Claims Procedure Order, and that the Applicants now wish to establish a claims process with respect to such claims.”
Note: This Compensation Claims Process does not include claims for the funding deficits in the registered pension plans. Those claims have been made by the Administrator of the registered pension plan on behalf of all plan members. Any payments on those claims will be paid to the registered pension plans and will ultimately benefit the plan members. Any questions regarding your registered pension plans should be directed to Morneau Shepell Ltd. at: website: www.pensionwindups.morneausobeco.com, phone: Negotiated Plan: 1-877-392-2073, phone: Managerial Plan: 1-877-392-2074, email: firstname.lastname@example.org
(4) The Final Plan, November 30, 2016:
Pensioners learn what their representatives under the advice of Koskie Minsky agree to in the CCAA Final Plan dated November 30, 2016. At this late date, the pensioners learn there will be two affected unsecured claims for the pension plans against the Canada estate: Cdn$1,369 million for Managerial Plan and Cdn$521 million for the Negotiated Plan. This means two votes for the two claims in terms of the headcount vote and Cdn$1,889 million in terms of the value vote. This conceded the individual votes of 12,501 pensioners and 9, 218 deferred pensioners, which the representatives had the power to do as there were no limitations on their purpose of settling and compromising claims under the Representative Order of May 7, 2009. Also, these individual pensioner votes were forced to be yes in any case by the Interim Settlement Agreement. This Interim Settlement Agreement also forced the Administrator to vote their two votes yes also, because the representative agreed to equal treatment of the pension deficits with the unsecured creditors, despite the Indalex cases and Nortel being liquidated and not restructured or reorganized.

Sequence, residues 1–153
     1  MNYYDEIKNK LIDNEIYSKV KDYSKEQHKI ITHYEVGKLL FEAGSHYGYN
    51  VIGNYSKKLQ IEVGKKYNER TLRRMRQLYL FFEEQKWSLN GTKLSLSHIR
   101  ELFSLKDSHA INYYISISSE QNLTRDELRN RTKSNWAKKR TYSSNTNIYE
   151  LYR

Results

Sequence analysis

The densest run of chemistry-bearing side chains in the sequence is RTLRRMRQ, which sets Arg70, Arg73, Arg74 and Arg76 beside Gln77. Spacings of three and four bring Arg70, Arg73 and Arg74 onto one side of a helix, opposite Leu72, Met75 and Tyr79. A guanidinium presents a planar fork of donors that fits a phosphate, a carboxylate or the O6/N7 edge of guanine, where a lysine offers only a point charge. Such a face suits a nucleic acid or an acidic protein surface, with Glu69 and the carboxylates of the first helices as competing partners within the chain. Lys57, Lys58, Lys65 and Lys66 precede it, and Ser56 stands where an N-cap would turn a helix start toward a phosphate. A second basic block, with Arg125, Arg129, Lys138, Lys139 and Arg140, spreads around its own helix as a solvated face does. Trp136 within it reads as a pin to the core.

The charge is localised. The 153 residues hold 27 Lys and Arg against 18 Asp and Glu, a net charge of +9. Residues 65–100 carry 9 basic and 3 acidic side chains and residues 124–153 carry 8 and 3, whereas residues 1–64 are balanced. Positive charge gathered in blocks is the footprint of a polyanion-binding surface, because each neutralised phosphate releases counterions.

“Canadian Pension Claim” means any and all Claims arising from or related to deficits and alleged deficits in the Canadian Registered Pension Plans.